I don’t pretend that by the end of this article we’ll have the future of cookbook publishing figured out, but we all know, as publishers, the opportunities and challenges of the Internet. Instant access prompts enormous gateways to consumer engagement as well as the problem of readily available free content (free recipes as an obvious example).
As for how online plays a role, here are some ground rules: (1) We are still publishers. The new world may mean doing some things differently, but it doesn’t mean throwing everything out that’s worked for so many years; (2) people continue to read books, in print and online, even in the face of an enormous influx of content; and (3) consumers are more engaged than ever with author or publisher brands. Readers are reaching out via social networks, participating in online cooking/reading communities in a way that they never have before.
Here’s where I think the future of cookbooks does not lie:
● Lower priced e-books. The race to 99 cents is a short one, but the uphill climb to fair pricing on e-books is steep and riddled with problems.
● Ceding control of our ability to reach consumers and set our own pricing, to retailers who have the direct-to-consumer relationships, or ceding pricing control to consumer whims.
● In the online world only, because whether it’s cooking in the kitchen, planting in the garden, or enriching our lives, there’s something very permanent about the printed word.
● Making the reading experience overly complex, whether through gaming mechanics or over-the-top enhancements. Many much smarter minds have come before me saying that these mechanics in books are a feature in search of an audience, and I agree.
So where are we then? That is to say, upon what will the future and health of cookbooks depend?
● Content. The ability to identify and edit quality recipes and also to arrange those recipes in an effective way so that a cookbook delivers value. Online recipes will never have that organization, but publishers need to make that value clear to consumers and foster some of the serendipity of recipe browsing online that neither print nor e-books currently allow
● Community. Blogs and Web sites continue to grow online because of the ability to build community between the recipe creator and audience members. Cookbook authors and publishers need to find ways to make e-cookbooks into immersive discussion points or to unlock their content so that they can take advantage of community-sharing aspects.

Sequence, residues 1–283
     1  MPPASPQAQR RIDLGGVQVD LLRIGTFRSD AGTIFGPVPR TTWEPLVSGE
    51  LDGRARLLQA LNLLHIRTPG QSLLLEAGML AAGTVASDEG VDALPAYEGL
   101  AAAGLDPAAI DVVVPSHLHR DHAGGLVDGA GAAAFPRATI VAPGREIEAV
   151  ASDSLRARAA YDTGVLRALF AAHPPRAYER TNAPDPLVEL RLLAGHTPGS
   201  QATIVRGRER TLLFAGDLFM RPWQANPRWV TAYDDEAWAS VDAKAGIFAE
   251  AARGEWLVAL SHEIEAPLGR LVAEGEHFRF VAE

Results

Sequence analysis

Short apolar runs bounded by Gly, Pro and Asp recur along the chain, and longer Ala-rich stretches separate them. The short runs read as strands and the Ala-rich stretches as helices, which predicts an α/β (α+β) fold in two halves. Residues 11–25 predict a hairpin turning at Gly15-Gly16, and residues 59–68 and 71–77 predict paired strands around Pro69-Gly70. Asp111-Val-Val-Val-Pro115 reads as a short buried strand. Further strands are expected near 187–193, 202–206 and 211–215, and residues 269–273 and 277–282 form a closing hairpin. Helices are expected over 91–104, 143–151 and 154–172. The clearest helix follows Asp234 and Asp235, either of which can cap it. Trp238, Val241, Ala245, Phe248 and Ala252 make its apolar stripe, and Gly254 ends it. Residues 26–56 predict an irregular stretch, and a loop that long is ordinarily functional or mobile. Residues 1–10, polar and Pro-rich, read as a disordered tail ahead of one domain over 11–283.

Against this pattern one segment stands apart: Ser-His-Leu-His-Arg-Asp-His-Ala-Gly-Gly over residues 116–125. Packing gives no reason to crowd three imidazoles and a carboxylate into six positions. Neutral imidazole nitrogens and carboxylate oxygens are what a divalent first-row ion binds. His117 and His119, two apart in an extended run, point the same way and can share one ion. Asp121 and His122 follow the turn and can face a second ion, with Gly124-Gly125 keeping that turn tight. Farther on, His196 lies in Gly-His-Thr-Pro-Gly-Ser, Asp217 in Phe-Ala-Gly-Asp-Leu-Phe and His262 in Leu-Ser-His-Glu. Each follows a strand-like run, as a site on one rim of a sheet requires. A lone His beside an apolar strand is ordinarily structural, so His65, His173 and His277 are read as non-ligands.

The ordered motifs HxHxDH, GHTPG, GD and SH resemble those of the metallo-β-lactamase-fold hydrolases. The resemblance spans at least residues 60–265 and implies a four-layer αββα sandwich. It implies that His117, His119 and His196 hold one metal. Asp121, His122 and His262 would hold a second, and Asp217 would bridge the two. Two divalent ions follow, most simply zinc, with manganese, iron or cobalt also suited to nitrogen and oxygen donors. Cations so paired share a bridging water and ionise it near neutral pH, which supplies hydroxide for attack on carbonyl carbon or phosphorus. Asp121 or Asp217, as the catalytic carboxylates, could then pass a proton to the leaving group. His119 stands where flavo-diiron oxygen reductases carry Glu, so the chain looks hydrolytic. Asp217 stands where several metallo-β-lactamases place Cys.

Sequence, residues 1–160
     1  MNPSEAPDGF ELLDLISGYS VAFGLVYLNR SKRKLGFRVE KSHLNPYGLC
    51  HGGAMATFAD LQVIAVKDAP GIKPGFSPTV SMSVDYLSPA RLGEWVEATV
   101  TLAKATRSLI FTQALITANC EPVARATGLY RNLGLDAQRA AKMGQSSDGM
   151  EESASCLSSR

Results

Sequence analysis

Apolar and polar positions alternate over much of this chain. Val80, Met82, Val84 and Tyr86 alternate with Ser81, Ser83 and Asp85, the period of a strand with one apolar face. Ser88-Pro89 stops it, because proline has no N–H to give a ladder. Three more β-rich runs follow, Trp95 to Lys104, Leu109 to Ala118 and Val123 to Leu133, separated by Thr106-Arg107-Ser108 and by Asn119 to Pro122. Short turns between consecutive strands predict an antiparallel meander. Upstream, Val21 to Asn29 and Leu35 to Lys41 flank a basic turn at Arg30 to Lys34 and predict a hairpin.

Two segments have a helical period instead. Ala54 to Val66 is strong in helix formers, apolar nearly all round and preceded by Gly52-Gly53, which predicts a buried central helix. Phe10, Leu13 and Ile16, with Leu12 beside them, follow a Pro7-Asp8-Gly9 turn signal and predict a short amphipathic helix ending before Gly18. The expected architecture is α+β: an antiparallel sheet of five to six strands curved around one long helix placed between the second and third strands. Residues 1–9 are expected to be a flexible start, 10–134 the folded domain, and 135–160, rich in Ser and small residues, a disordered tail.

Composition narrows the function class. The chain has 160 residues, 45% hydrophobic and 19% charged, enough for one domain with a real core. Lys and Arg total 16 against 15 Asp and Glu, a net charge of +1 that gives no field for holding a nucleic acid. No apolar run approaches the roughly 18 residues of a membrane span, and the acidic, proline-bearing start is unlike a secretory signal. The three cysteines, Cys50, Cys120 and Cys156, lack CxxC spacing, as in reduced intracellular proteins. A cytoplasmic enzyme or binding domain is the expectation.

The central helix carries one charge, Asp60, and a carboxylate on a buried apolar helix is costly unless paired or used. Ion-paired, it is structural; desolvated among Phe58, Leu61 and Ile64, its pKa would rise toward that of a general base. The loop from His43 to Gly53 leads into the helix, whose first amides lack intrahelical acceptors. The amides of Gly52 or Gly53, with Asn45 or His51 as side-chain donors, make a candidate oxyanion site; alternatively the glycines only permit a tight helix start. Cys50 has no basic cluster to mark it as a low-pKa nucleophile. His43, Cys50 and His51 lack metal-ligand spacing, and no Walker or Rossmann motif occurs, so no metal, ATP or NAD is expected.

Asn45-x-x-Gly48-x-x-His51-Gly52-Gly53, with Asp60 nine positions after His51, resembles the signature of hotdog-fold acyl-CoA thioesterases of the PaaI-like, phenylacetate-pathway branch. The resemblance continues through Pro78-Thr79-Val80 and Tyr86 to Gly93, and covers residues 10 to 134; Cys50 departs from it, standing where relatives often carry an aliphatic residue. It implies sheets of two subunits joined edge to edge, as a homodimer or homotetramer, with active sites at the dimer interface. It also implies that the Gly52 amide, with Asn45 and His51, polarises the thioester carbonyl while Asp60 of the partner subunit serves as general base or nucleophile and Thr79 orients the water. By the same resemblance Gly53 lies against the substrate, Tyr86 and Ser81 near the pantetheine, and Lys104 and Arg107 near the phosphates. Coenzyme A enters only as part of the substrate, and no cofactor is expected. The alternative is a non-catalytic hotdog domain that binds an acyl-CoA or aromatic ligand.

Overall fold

● Narrative/Personality. Nobody buys a cookbook just for the recipes. A cookbook (and an author) with a personality readers can identify with will do much better than one without. I’d say this is why blogs are popular; there’s a real voice behind them.
● Monetization. Recipe licensing is a lucrative path toward interim revenue streams with the right partners. And surprisingly, this channel is picking up at the Harvard Common Press. Perhaps it should come as no surprise that as big names in the online world start to look toward the kitchen, they see no need to reinvent the wheel; publishers are the first players they call. Publishers should find ways to monetize on the subcookbook level, whether with individual recipes or by chunking of content into new e-books, as well as looking to recipes on their own sites as a way to drive advertising revenue—something we’ve been notoriously bad at, but can really take advantage of in the future.
There’s certainly a future for cookbooks. But it’s not in standing back and letting others eat our lunch while we debate the merits of what’s come before and what’s still to come. Publishers need to see themselves as tastemakers and players in the new online world. Not just as content producers but as curators, trend-setters, and brands in their own right. And we need to do it now. The future will come, and it’s all about what we make of it.
Adam Salomone oversees digital and online strategy at the Harvard Common Press and is putting together, through the press, a conference in New York City in 2012 on the future of cookbook publishing.